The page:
While Mattamy Home Funding is not immune to the downturn, the company has continued to expand and now operates in 26 states. This allows the firm to cast a wider talent net when hiring ramps back up, since it isn’t constrained to a local market.
Companies with great culture and workplace flexibility were able to hire and retain quality talent while continuing to effectively grow their teams, explains Balak.
“Culture leans into an emotional connection and a feeling of belonging. An employee is less likely to leave a company if they feel a strong sense of emotional connection to the brand and their team members,” she says. “When days get tough, which is common when the economy becomes unpredictable, a sense of community is what keeps teams together.”
“In a perfect world, market changes would never happen, and there would never be a need to have layoffs, with the exception of poor performance,” says Gillen. “Businesses have a responsibility to their staff and key stakeholders to work efficiently, produce a profit, and provide services at a level that will create repeat and future business referrals.
“Some organizations outsource certain activities or a percentage of their operations staff in an effort to be able to scale up or back down quickly without having to lay off employees. This seems to work and helps avoid having to cut direct employees. However, there is a great deal of oversight and management required to outsource effectively.”
The Family First Funding president encourages other mortgage companies to think about three choices over the next 12-18 months: (1) Do you merge with another company to create economies of scale and lower overall expenses? (2) Do you trim expenses, reduce staff, and hunker down until the market turns? (3) Do you double down and invest in your business growth and go on a large-scale recruiting and retention spree?
“As a company, we have thinned our margins considerably in an effort to give our staff a competitive advantage so that they may win more business,” Gillen explains. “We have increased our budget and spending in key areas which drive new business opportunities to our staff. We have always been purchase-centric as we believe purchase volume is the most recession-proof business and purchases still occur in a rising interest rate environment. There is a smaller population of new loans across the country, so market share is more important than ever.”
Gillen believes in prioritizing and developing technology within systems and processes to automate some time-consuming manual work.
“I think technology will continue to play a larger role within our industry,” he says. “Artificial intelligence and computer programs will handle a larger percentage of the non-sales functions within the mortgage application process. This should create much greater efficiencies for companies and allow them to close more loans with their existing staff and scale without having to outsource. Many lenders have adopted these technologies already and have seen the rewards of making these changes. Those that have not yet done so are quickly surrendering to tech and now see why this is the new way of originating a mortgage.”
MPA’s Top Mortgage Employers have contrasting views on where the mortgage industry is headed.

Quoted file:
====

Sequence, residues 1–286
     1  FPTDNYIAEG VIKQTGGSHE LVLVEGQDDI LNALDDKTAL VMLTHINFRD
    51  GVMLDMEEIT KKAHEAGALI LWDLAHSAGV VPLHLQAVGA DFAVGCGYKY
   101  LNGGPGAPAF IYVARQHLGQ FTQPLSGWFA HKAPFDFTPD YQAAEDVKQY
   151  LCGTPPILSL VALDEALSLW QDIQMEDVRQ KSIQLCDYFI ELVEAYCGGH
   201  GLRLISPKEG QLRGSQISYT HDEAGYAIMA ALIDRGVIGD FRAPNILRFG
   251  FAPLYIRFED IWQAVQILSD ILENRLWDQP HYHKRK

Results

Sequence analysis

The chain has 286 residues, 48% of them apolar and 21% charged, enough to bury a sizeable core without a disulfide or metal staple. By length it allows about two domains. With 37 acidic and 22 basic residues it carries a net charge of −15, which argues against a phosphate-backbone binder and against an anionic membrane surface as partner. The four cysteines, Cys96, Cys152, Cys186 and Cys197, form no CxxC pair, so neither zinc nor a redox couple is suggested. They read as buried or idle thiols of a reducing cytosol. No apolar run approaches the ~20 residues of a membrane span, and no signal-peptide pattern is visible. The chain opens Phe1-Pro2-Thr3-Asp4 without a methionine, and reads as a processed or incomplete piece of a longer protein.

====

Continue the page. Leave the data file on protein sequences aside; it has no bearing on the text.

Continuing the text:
“In the near future, we see a continued consolidation of the market with limited new openings and companies taking the opportunity to review their tools, platforms, and processes for maximum efficiency,” Koehler says.
“I see it going in a different direction, not so much on the production side,” says Walkowiak. “I see foreclosures happening. Mortgage services will be busy. Foreclosure lawyers will be busy. I see employers hiring temporary workers versus permanent employees.”
Meanwhile wemlo continues to hire to support its growth trajectory, asserting that the importance of broker-to-customer relationships has remained unaffected and reliable loan processing continues to act as a “foundation of the mortgage industry.”
“A majority of the industry is tied to mortgage applications, not mortgage customers,” Balak reiterates.
“While the job market is continuing to evolve and will look different based on the industry, however, a few things are here to stay,” Cimring says. “These include the demand for remote work and increased flexibility, coupled with increased candidate expectations relating to compensation and benefits. I think we will see the addition of new careers in response to new market needs, automation and AI will allow for more meaningful work, and skills-based hiring will provide wider candidate pools.”
“I do not believe there is a ‘future-proof’ solution to unexpected global events,” Gillen concludes. “When terrible things happen across the world, every business is impacted in one way or another. I believe that each of these events that occur educates businesses on what can happen and should serve as a reminder when making future decisions.”
The process of finding and recognizing the best employers in the US mortgage industry took place over two phases. First, MPA invited organizations to submit their details through a survey, where they were able to describe their offerings and business practices. Then, employees from the nominated companies were asked to fill out their own anonymous survey to rate their satisfaction with a number of key factors such as compensation, employee development, culture, and work environment.
Each company was required to meet a minimum number of employee responses based on overall size. Companies that achieved a satisfaction rating of 80% or greater were included in the Top Mortgage Employers list.
86.2% of survey respondents were employees of mortgage lending companies
78.6% said their company offered continuing education programs or reimbursement
21.4% said their company conducted quarterly performance reviews